Monaco architect Michel Desvigne’s transformative landscapes


Michel Desvigne, a highly regarded French landscape architect and respected Monaco architect, is known for his garden designs and his approach to urbanism. His gardens bring nature and a sense of calm to urban spaces.

His love of gardens and landscapes were nurtured by his early work, as he and Christine Dalnoky were the first resident landscape architects at the Villa Medici in Rome, from 1986-1988. They were engaged by Renzo Piano – another award-winning Monaco architect — to design a garden at one of his projects on Paris’ rue de Meaux, famously known as “birch tree square.”

Desvigne’s work can also be seen in his urban forests, including one in Paris and one on the roof of a railway station in Tokyo with more than 200 trees, as well as in such projects as the Parc aux Angéliques in Bordeaux, a riverside green space for walking, biking and picnicking, and the transformative Seguin Island Garden, the first public space to open on the island, formerly the site of the Renault factories in Boulogne-Billancourt, France.

Also among the Monaco architect’s notable projects are the Grand Stade de Bordeaux, now known as the Nouveau Stade de Bordeaux; the outdoor spaces surrounding UNESCO Building V in Paris; and the public spaces and parkway in the Brazza district of Bordeaux.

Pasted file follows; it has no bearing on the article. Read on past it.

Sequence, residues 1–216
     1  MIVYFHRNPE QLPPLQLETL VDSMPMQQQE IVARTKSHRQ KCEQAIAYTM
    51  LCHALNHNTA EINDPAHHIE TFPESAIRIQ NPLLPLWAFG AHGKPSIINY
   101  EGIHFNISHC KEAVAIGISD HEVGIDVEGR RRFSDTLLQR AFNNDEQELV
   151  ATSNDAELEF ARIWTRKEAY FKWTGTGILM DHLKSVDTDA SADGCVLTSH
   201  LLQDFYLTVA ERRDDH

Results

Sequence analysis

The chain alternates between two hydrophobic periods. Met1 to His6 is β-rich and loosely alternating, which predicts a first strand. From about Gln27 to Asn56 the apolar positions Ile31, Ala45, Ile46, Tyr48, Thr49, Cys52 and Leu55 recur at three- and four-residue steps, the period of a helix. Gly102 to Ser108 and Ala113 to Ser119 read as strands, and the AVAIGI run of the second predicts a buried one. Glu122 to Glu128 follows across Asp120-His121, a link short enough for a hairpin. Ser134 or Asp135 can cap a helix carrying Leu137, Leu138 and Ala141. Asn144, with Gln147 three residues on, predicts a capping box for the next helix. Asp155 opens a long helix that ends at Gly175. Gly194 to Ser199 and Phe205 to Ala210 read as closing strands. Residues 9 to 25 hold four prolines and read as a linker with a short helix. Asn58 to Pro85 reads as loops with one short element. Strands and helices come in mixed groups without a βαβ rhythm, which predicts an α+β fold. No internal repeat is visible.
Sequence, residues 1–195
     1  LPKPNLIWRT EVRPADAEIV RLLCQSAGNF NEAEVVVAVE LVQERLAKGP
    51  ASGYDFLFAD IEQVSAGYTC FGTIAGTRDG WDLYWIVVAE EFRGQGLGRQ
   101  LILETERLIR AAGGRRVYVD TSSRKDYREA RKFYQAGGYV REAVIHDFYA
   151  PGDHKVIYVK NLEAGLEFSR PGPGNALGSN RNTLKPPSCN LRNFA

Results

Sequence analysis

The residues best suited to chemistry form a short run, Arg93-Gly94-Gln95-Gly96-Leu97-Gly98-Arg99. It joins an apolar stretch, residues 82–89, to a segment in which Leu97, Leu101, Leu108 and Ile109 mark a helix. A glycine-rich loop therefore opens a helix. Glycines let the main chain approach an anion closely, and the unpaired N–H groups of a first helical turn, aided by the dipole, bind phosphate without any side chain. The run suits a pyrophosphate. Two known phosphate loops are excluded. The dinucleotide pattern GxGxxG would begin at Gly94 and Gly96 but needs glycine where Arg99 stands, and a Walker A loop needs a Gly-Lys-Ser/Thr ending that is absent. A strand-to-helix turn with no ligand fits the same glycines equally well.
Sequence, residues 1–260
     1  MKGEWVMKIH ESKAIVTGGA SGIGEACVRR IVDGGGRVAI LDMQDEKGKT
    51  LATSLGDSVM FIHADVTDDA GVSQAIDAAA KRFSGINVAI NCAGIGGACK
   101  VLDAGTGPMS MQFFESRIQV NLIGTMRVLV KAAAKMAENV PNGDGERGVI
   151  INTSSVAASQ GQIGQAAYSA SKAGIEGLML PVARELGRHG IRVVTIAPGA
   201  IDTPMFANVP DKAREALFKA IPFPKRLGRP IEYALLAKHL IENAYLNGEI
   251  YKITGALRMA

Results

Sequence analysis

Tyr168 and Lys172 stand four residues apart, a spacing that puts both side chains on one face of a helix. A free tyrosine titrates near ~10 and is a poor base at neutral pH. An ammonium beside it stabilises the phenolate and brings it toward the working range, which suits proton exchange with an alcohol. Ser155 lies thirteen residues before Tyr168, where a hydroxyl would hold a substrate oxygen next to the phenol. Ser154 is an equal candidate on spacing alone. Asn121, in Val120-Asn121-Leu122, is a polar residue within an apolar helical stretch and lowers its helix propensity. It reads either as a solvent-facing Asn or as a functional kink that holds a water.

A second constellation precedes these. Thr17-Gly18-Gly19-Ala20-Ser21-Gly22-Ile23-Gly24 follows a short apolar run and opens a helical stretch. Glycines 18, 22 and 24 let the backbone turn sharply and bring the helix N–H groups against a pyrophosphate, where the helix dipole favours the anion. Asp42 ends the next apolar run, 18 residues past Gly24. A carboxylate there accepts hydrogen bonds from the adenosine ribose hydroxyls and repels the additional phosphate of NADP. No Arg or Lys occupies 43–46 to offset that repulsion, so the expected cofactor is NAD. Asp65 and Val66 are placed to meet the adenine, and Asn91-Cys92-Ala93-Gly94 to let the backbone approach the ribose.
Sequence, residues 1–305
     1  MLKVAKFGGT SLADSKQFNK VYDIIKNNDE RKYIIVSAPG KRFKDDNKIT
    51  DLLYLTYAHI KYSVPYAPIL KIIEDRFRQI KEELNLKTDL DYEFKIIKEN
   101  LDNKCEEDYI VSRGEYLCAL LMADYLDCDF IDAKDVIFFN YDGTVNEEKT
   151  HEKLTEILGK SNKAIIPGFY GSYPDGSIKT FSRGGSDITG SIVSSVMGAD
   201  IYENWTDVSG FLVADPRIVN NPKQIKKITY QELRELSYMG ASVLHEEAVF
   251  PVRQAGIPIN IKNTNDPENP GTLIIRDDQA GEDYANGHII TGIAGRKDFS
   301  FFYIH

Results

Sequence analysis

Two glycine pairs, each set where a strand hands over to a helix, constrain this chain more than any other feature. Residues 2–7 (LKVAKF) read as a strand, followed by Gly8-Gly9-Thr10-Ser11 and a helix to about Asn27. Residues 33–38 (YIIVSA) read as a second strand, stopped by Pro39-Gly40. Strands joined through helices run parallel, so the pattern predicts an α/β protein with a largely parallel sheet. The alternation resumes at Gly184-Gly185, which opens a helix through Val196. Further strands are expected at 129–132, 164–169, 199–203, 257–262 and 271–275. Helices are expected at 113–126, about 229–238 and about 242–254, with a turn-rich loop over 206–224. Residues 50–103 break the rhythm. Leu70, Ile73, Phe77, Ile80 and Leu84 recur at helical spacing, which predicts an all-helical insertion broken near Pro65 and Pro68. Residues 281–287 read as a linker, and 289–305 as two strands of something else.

In addition to designing sustainable landscapes, Desvigne has taught at the Harvard Graduate School of Design in the United States for over two decades, as well as at other universities and architecture schools around the world. In 2011, Desvigne was awarded France’s Grand Prize for Urbanism, and in 2014 he was awarded the European Prize for Urban Public Space for his restoration of the Old Port of Marseilles.

The Monaco architect’s list of awards is lengthy, and includes, most notably, the Architectural Medal from the French Academy of Culture in 2000. More recently, Desvigne and his firm, along with OBR Paolo Brescia and Tommaso Principi, won first prize in an international competition in 2016 to design the new Central Park in Prato, Italy; and, in collaboration with several other firms, he won the Equerre d’Argent 2020 Prize in the category Public and Landscaped Spaces.

Mareterra Monaco

Now the Monaco architect is part of the design and development team working on the 6-hectare eco-development of Mareterra Monaco, which will feature a pine forest of endemic Mediterranean trees, with more than 1,000 to be planted around the cove that was created by a unique land reclamation project.

Desvigne envisions “the reintroduction of a natural environment in the city,” as his landscaping will establish a flourishing Mediterranean ecosystem in keeping with the principality’s focus on conservation and sustainability.

Desvigne is truly transforming urban landscapes across the globe, and now the Principality of Monaco will be another showcase for his natural gardens. They will enhance the promenade along the project’s seafront setting, bringing the signature serenity of the landscape Monaco architect’s designs to this luxury property.


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BDC 317 : Jun 2024